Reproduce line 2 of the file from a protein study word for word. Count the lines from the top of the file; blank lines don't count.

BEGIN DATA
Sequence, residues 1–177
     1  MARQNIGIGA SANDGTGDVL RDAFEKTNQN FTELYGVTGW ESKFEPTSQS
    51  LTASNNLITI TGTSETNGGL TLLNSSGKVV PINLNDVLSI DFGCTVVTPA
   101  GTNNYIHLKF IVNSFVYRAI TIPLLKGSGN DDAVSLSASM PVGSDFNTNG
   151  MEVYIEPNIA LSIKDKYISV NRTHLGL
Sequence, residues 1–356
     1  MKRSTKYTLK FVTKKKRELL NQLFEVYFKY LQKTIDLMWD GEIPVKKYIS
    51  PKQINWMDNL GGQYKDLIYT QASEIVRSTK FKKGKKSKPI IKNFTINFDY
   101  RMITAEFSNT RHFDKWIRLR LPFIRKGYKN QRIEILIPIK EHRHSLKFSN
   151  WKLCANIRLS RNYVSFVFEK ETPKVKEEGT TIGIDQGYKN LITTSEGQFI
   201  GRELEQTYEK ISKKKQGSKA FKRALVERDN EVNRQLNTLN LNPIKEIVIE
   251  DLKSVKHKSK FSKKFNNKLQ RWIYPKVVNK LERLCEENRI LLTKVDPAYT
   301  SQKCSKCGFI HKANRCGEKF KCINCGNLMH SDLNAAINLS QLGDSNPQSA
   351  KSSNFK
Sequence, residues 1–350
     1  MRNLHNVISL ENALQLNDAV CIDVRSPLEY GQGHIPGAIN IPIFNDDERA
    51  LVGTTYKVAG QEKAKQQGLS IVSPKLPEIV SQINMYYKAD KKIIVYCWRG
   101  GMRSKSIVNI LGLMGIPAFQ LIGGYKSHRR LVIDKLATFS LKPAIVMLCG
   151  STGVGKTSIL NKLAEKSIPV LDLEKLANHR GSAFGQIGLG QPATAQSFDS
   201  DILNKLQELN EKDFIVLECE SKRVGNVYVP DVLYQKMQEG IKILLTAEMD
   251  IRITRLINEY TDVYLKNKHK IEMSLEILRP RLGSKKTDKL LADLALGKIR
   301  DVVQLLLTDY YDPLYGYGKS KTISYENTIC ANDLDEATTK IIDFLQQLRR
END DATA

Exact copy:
     1  MARQNIGIGA SANDGTGDVL RDAFEKTNQN FTELYGVTGW ESKFEPTSQS